A chorus member warns ominously that the sea and sky have changed, and a character called Siren (spinto soprano Ieva Skorubskaitė) describes “Acidy waves, ivory foam.” A woman (mezzo-soprano Eglė Paškevičienė) who has complained about how people leave the beach a mess marvels about how at last Christmas “there was no frost, no snow, it felt like it could be Easter,” and in the woods “there was a refreshing green moss, Just like in springtime.” She concludes both comically and critically with “As granny liked to say: The end of the world!”
The workaholic husband of the entitled woman (resonant bass Vytautas Pastarnokas) sings of exhaustion and his negativity bubbling up like lava, which leads the vacation choristers to sing of lava (like a mammoth – a non-existent creature gone extinct). We hear more about the volcano which grounded airplanes and the young man who was affected sings of “the panic and the ashes.” Two twin sisters (Auksė and Saulė Dovydėnaitė), knowledgeable about ecology, sing a duet regretting the extinction of the Great Barrier Reef and fish that will go extinct. The older woman again looks at her new sunscreen lotion and reads the label in four languages. The opera ends ironically with the Vacation Choristers singing of the sea turning green with eutrophication and while “our swimsuits are filling up with algae.” Between the pointedly ominous arias are numbers about more mundane things, relationships, travel, food, dreams, and swimming suits ow made in China “a parody of the Silk Road.”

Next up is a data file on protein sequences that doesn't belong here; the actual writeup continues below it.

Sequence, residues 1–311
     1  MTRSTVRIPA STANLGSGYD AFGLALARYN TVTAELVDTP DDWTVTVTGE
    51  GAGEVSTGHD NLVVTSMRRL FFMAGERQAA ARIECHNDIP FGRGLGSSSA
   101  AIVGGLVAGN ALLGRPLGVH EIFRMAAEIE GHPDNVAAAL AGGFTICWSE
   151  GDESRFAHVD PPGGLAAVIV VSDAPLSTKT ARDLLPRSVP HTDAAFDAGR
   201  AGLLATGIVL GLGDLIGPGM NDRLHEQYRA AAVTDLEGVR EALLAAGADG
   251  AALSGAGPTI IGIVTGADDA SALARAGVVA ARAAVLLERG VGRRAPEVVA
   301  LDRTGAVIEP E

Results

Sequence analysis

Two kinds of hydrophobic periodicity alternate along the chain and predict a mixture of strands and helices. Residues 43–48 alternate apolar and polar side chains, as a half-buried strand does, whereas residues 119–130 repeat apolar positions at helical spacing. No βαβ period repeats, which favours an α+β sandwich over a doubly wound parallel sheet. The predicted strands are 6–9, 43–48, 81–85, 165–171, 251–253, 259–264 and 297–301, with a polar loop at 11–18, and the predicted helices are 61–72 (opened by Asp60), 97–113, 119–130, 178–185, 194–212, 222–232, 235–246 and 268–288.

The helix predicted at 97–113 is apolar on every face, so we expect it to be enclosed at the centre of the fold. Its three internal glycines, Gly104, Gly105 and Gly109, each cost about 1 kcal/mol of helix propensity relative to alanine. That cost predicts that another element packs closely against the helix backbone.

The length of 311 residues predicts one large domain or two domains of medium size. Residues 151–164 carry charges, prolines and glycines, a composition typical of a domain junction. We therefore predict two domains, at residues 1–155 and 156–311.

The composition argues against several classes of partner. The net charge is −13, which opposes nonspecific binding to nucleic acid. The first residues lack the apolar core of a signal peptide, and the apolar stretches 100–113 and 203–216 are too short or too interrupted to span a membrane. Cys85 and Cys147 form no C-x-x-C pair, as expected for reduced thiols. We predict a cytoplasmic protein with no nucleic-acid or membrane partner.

The electronic music is quite accessible as are the words to the arias and duets which never hit us over the head with their warnings. Although much of the action is improvised, director Barzdžiukaitė has kept tight control over the action which never overshadows the music or the arias though there is always a great deal to watch. The uncredited prop design which may be part of her set design is tremendously detailed and eye filling.
The appropriate (uncredited) costumes in pale colors have apparently been chosen by the performers themselves. The sound design (technical director Lique van Gerven; sound engineer Romauld Chalon Galiauskas) of Rimas Uzgiris’ English translation of the Lithuanian text is excellent though some of the Lithuanian accents are a bit difficult to understand. (Librettos are provided, if one cares to follow them during the production though the light on the balcony is rather low.)
Sun & Sea is ultimately a tour de force both for its presentation and its message which grows on you as the hour proceeds. If anyone were to tell you that opera is a dead relic of the past, only point them in the direction of this production which not only resuscitates it but takes it in an entirely new contemporary direction.
Sun & Sea (Brooklyn: September 15 – 26, 2021; US Tour: September 30 – October 16, 2021)
Originally produced by Neon Realism
Fishman Space at BAM Fisher, 321 Ashland Place, in Brooklyn
For tickets, visit http://www.bam.org/sun-and-sea
Running time: one hour loops every hour; on a five hour loop
Note: Audience stands on a balcony above stage but can move around to all four sides during performance which repeats as soon as it is over.